Thursday, January 24, 2008

response to Mubarrak and the wall

First, as was said, this has to make Mubarak nervous. Hamas began as a project of the Muslim Brotherhood, which Mubarak has endeavored to suppress for a number of years now. He therefore has to tread carefully with the Palestinians that have literally stormed the gates into his country, to avoid agitating those living in Egypt whose sympathies are closer to Islam and Hamas than they are to the government.

Second, this has to make Israel nervous as well. It was only a few weeks ago during the Anapolis conference that Israel called for tighter control of the flow of arms between Egypt and Hamas. Israel's been happy since Hamas militants kicked Fatah out of Gaza, essentially allowing Israel to keep both major Palestinian groups isolated and relatively powerless, and try to weaken Hamas' appeal by making it harder for them to be the providers of food and clothing.

So where the problem was once underground tunnels providing rockets, you now have a streaming mass of people and an Egyptian government that is (probably) afraid to do much in the way of checking and regulation, in the event it ticks off Islamist elements within the country. Teh suck for Israel.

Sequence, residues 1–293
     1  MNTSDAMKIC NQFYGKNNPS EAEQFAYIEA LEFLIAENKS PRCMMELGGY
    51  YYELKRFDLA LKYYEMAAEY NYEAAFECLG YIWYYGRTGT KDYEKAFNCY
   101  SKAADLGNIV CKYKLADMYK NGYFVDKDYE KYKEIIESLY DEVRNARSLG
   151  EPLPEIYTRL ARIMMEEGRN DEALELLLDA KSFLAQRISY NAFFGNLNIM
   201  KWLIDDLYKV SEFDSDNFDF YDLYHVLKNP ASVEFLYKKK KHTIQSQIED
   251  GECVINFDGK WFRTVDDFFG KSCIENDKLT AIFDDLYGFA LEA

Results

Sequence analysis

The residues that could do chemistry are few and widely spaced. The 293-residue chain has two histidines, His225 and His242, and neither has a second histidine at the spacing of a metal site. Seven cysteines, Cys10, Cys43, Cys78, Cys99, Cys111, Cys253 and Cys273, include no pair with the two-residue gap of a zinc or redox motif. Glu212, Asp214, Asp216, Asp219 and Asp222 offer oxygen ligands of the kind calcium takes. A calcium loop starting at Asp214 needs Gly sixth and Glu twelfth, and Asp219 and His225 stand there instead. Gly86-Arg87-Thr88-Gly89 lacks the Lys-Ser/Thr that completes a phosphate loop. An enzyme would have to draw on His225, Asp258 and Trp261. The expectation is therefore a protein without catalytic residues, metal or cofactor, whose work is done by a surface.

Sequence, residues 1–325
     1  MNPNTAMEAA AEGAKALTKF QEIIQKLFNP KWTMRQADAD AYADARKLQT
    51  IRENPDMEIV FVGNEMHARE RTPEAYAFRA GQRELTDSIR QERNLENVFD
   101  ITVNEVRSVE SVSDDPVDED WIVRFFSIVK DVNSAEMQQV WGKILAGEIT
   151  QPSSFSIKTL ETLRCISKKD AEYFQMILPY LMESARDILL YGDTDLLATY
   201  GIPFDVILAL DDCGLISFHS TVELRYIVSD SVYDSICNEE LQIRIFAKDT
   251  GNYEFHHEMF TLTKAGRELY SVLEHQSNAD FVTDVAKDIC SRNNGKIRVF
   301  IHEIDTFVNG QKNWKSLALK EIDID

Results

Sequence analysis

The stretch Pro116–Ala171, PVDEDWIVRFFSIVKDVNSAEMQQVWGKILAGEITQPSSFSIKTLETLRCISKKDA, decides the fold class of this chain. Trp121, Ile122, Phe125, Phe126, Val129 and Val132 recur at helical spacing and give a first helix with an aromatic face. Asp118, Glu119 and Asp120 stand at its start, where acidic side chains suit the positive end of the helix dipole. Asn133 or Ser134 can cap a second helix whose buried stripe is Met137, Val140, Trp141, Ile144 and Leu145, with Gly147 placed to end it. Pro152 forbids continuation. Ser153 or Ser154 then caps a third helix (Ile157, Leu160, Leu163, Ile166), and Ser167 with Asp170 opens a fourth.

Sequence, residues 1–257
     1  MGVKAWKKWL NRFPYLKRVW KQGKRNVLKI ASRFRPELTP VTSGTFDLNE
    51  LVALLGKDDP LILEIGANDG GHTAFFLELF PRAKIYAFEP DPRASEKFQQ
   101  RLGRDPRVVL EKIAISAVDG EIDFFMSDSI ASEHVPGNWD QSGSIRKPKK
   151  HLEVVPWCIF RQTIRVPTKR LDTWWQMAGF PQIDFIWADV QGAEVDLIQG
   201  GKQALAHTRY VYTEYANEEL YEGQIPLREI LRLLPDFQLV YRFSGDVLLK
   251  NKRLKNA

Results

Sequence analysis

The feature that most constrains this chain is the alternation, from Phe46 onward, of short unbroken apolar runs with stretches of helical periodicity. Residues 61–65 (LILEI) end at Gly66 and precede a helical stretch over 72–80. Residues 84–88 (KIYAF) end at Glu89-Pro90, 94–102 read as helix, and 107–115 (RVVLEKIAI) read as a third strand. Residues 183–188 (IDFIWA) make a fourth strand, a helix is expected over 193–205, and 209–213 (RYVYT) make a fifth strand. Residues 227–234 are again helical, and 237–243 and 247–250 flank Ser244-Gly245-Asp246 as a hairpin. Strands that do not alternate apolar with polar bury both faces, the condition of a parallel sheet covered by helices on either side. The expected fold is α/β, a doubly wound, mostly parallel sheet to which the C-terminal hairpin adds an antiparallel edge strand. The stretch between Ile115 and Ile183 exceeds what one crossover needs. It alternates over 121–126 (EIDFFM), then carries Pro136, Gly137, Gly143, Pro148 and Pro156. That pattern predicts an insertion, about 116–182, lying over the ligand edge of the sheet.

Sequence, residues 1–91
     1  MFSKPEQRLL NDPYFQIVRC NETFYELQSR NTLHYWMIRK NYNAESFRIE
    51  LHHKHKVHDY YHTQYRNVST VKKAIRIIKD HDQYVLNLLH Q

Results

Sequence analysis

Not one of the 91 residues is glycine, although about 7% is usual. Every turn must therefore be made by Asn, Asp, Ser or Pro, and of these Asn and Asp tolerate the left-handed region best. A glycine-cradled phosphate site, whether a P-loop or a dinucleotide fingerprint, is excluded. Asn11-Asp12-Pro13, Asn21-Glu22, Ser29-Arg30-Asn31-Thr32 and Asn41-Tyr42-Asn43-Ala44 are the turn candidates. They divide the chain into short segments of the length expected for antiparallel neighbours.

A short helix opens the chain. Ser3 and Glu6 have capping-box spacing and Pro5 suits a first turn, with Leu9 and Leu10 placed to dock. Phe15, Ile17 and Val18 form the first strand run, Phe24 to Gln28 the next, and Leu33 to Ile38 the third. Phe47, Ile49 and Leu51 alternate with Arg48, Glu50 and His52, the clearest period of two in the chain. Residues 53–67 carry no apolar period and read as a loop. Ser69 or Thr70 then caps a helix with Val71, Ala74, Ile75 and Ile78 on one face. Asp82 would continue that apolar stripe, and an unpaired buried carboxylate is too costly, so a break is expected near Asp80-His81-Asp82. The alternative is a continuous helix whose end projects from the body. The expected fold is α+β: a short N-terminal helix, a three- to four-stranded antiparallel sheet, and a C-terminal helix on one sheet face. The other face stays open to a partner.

Hamas will possibly expand on this idea of buying in Egypt what it can't get in Gaza, which might jeopardize Israeli attempts to (a) isolate Hamas and (b) make it harder for Hamas to keep itself supplied. This can't be going over well in Israel, particularly now that Olmert's government is threatening to break down.

It can't be going over well in Egypt, where the government cannot help but see the risk having Hamas militants freely enter the country along with those Palestinians simply seeking supplies. It's not like they could stage a coup, but they could make noise asking for help, and no Arab country likes having to help the Palestinians. They're like in-laws that everyone would rather keep locked in the shed.

The question is, as has been played by Jordan, Egypt and Israel (among others) many a time is, if the less-violent strategy of isolation isn't going to work, who's going to get ticked off and crack down on the Palestinians this time?

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